November 19, 2009 in Washington Voices

Nation got record-setting drenching in October

Randy Mann
 

According to the National Climatic Data Center, October was the wettest in history across the U.S. The long-term average of precipitation across the country is 2.11 inches. Last month, an amazing 4.15 inches was reported.

The wettest states were Iowa, Arkansas and Louisiana, which saw their all-time wettest October. Only three out of the 50 states – Florida, Utah and Arizona – were drier than normal.

At Spokane International Airport, the mean temperature for October was 4 degrees below normal with a reading of 43.2 degrees. The average high was 6.3 degrees below normal with a reading of 52.2 degrees. Despite the chilly conditions in November, we’re only 1.2 degrees below normal levels as of early this week.

The soggy weather also eased drought conditions in many areas in the U.S. According to Brian Fuchs, a climatologist with the National Climatic Data Center, “This is the least amount of the country that’s been in drought in the past 10 years.”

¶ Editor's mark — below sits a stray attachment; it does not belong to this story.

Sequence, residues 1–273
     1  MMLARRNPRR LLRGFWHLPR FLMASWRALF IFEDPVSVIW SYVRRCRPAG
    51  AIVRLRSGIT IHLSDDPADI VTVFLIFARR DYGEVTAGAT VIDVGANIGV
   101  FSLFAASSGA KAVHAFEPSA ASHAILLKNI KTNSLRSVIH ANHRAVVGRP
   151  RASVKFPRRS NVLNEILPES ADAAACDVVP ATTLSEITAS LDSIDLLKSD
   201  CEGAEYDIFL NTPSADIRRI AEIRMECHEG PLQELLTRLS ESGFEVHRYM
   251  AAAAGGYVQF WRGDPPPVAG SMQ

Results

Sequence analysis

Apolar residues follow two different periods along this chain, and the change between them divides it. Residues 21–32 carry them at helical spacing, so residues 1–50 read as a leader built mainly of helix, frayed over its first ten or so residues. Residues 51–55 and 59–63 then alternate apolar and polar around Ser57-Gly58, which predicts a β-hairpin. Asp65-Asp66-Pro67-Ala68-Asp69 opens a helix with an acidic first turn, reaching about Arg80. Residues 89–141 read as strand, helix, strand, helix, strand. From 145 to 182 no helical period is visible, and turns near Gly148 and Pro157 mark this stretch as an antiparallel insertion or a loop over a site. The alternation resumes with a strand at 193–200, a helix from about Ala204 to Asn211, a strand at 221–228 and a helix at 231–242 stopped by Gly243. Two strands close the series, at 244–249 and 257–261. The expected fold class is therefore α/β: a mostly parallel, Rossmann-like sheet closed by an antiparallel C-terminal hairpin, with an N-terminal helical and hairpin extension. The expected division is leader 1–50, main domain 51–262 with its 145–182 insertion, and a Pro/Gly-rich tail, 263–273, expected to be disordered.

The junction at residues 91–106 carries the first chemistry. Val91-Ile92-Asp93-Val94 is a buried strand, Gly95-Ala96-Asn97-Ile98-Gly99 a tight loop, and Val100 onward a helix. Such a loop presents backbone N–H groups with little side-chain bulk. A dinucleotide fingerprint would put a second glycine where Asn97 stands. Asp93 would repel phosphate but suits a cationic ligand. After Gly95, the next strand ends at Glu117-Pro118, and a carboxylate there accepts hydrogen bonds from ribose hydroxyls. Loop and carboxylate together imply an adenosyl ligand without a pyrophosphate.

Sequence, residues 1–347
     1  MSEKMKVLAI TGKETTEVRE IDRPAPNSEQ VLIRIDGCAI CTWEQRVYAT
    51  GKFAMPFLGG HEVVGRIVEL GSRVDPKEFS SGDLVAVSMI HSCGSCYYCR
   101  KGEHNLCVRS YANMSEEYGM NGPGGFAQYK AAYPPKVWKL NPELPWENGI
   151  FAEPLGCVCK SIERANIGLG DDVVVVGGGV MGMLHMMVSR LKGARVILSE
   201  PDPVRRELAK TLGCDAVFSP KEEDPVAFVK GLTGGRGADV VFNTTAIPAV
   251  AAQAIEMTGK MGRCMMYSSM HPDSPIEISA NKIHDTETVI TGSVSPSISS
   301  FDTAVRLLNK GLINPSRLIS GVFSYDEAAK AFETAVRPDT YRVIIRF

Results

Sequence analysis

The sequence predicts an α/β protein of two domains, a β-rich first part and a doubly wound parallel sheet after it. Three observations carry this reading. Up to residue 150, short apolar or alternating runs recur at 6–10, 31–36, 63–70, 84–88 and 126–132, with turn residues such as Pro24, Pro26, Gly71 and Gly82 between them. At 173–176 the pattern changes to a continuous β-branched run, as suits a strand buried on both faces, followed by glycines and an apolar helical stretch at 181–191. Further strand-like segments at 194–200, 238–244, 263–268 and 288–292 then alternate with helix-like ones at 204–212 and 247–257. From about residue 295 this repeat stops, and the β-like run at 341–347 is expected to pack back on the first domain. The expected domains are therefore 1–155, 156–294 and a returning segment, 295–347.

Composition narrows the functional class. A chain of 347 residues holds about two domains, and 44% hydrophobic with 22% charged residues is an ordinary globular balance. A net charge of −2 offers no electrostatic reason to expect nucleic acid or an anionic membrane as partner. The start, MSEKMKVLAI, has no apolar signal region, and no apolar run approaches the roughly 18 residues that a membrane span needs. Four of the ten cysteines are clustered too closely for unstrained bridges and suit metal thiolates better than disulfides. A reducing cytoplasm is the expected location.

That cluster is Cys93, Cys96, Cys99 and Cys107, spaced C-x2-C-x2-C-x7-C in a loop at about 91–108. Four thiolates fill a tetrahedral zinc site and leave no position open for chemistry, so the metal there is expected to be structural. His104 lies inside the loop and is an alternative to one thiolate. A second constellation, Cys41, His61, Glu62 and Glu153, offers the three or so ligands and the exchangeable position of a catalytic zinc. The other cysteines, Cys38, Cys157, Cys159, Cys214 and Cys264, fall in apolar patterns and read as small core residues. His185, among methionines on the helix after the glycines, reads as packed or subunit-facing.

In addition to the damp conditions, last month was the third-coldest in the U.S. since records began in 1895. The normal U.S. average temperature is 54.8 degrees, but October came in at 50.8 degrees, 4 degrees below average. October of 1976 and 1925 were colder.

Other parts of the world were shivering as well. For example, parts of New Zealand had its coldest October in more than 64 years. Heavy snows trapped motorists and residents there saw the latest spring snow to hit that area since 1951.

In our area, there is a chance that we will see a white Thanksgiving in the lower elevations, but mainly toward the Idaho Panhandle. Many ski resorts in the region may be able to open by Thanksgiving weekend, so get those skis and snowboards ready.

The full moon phase of Dec. 2-9 may bring much colder temperatures across the Inland Northwest. There may be as much as 6 inches to a foot of snow during the first half of December in our part of the country.

It does appear that El Niño, a warm-water, sea-surface temperature event in the south-central Pacific Ocean, is beginning to influence global weather patterns. Therefore, I still see milder weather in our region in the late fall and early winter.

Contact Randy Mann at randy@longrange weather.com.


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